Incoming MU freshmen who join this year’s summer reading program will have their hands full. The assigned book, “Enough: Staying Human in an Engineered Age,” looks at north Texas as the next Silicon Valley and the ethical ramifications of genetic engineering.
This is the second year for the program.
“It gives new students a common experience that can result in them getting to know one another during that hectic first week of college,” David Webber, associate professor of political science and a member of the committee that chose this summer’s book, said in an e-mail.
Summer welcome leaders will encourage incoming freshman to read Bill McKibben’s novel “Enough” before the fall semester in order to build a common experience and background for the incoming class. This book will then be a topic for discussion groups throughout the first semester.
“‘Enough’ talks a lot about the science of genetic engineering, stem-cell research and nanotechnology,” said David Rielley, coordinator of new student programs. “The book captures it in terms of how’s this going to effect what it means to be human, how’s it going to influence the way we interact with each other and the way we interact with the environment.”
In the program’s first year, about 50 percent of incoming freshman took part in reading “Nickel and Dimed” by Barbara Ehrenreich. Although the program met its participation goal, it is looking to increase participation the second time around by pressing the message at Summer Welcome. Rielley said many students were not aware of the program last summer and, therefore, didn’t participate.
A committee of about 10 students, staff and faculty chose this book based on a set of criteria, which included: availability in paperback so it will be inexpensive, the possibility of the author visiting MU, content addressing contemporary cultural or social issues, and reading that’s not too complex.
“‘Enough’ is full of discussable topics,” Webber said. “It’s discussable because it relates to the common experience of all human beings. It is cutting edge because it relates to emerging challenges that face us in the future. It speculates about where technology is taking us and what we can do to shape our collective future.”
In searching for this year’s book, the committee took into consideration the variety of majors the book must interest to engage the students. Genetic technology directly relates to the fields of medical ethics, agriculture and other sciences; however, for other fields the link might not be as apparent.
“We look for a book where the content material can be approached from a bunch of different disciplines,” Rielley said. “A business student or a business professor reading the book can look at this technology from a couple of different viewpoints. They can talk about if I’m marketing emerging products, what are the ethical ramifications of me going into business. What is my product going to do to people’s lives.”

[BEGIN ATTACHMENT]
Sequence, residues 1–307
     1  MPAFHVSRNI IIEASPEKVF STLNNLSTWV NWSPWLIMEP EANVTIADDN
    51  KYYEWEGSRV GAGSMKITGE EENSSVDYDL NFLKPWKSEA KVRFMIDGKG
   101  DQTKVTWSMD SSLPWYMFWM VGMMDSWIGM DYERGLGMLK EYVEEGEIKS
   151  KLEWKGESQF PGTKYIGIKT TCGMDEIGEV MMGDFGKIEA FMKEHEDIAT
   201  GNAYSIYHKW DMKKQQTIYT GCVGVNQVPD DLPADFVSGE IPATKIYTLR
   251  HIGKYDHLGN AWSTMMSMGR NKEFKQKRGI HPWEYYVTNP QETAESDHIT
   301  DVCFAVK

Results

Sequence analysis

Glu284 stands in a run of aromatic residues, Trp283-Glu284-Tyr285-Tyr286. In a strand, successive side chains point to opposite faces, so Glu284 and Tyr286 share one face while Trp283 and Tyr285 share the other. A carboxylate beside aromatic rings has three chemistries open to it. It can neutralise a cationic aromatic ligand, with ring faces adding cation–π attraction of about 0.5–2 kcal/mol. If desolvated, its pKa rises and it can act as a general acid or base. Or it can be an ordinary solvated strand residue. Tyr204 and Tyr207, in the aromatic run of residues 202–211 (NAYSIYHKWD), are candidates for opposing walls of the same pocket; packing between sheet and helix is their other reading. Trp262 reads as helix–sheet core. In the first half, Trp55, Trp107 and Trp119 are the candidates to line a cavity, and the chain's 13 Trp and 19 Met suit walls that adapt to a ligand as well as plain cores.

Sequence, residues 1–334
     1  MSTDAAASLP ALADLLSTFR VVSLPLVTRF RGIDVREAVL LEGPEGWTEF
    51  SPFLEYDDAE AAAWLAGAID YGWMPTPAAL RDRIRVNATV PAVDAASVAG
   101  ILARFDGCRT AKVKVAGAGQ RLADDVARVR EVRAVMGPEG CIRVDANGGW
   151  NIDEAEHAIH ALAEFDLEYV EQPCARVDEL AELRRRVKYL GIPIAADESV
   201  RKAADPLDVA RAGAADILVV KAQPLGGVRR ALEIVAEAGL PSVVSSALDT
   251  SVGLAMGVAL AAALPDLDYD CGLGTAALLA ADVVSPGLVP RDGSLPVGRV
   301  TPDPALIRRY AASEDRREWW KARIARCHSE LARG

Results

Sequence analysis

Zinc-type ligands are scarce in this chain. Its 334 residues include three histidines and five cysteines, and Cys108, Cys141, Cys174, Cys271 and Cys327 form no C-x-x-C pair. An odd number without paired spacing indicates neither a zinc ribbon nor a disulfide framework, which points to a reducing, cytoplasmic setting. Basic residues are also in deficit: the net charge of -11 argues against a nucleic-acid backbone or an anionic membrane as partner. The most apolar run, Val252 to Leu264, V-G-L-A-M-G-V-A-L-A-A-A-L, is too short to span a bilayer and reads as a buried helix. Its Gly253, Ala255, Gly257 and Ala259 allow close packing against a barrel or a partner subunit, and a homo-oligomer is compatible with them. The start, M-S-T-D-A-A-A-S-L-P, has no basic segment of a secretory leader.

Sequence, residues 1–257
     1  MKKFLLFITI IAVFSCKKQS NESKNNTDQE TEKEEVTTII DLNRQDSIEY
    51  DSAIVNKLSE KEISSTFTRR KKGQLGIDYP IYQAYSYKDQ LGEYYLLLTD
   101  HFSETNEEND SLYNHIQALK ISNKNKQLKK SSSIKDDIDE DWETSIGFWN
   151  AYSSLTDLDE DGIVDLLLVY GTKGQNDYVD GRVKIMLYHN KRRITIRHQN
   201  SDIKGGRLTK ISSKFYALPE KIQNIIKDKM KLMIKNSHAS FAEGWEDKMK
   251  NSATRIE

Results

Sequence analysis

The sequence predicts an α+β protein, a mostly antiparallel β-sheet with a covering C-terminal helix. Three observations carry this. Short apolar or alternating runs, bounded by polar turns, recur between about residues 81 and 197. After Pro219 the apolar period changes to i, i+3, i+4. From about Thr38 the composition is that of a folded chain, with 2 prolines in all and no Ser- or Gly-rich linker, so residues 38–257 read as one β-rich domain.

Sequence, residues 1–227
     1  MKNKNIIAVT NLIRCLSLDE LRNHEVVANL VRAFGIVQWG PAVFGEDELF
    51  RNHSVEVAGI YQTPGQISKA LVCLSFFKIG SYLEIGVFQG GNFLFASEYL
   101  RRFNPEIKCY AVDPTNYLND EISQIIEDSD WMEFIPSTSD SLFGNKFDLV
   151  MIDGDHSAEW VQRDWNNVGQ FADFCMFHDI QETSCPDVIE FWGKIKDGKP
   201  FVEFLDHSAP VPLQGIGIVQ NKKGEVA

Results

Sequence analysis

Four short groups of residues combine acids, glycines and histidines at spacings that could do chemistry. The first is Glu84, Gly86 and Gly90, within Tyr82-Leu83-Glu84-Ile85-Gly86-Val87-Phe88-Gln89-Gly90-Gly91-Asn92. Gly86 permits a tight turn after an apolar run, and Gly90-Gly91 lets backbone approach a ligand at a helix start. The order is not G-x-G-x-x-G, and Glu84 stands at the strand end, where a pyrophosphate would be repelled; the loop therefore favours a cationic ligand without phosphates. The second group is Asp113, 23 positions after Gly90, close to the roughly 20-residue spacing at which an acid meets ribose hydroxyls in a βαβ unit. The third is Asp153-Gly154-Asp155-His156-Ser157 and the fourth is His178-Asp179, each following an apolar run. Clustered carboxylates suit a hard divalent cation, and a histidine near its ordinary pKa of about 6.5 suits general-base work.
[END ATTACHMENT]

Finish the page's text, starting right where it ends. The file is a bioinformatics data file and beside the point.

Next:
With genetic technology becoming an issue for the Missouri state legislature, committee chairman Bill Bondeson said in an e-mail that it’s important for students to know where the world is heading.
As the media gives growing attention to the subjects of genetic technology, many students will approach the book with opinions in place concerning the virtues of this science.
“I think this is a subject that will interest most people, and everyone will have their own opinion although they might lack extensive knowledge of the subject,” Allison Horne, who represented the Missouri Students Association on the committee, said in an e-mail.
Controversial material such as “Enough” often runs the risk of losing readers. Rielley said, however, that any book has the capacity to turn off some subsets of readers, but that to avoid these subjects negates the idea of higher education and academic freedom.
“If you are just going to turn something off because you don’t agree with it, that’s just going to make you ignorant of the subject,” Rielley said. “It’s kind of like a little kid that doesn’t want to eat his vegetables. He says ‘I don’t like those,’ and his mom says, ‘How do you know? You’ve never tried it.’”
By students getting a fuller taste of the applications for genetic technology, committee members anticipate quality exchanges next fall as well as quality disagreements.
“The committee did not look to encourage or discourage political disagreement, but we know that discussion and disagreement is part of learning and part of academic life,” Webber said.